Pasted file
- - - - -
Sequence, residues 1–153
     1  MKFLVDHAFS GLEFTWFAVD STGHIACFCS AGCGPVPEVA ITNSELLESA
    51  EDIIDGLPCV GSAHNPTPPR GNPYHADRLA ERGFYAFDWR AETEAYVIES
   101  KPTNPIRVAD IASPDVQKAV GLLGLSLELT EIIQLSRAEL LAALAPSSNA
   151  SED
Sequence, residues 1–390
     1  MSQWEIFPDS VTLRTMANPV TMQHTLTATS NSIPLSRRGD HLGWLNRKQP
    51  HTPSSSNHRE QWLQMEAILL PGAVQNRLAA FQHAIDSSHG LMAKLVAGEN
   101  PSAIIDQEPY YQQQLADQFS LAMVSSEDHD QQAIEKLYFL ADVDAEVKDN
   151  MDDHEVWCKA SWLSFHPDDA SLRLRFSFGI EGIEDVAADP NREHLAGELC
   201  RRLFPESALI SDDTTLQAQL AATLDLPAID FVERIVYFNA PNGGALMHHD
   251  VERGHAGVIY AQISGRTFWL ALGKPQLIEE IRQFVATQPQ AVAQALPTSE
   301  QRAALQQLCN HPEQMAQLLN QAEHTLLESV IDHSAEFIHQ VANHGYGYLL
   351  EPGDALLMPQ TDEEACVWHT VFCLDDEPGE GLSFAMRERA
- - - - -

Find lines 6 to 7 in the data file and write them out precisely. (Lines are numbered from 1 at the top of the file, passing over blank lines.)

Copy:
Sequence, residues 1–390
     1  MSQWEIFPDS VTLRTMANPV TMQHTLTATS NSIPLSRRGD HLGWLNRKQP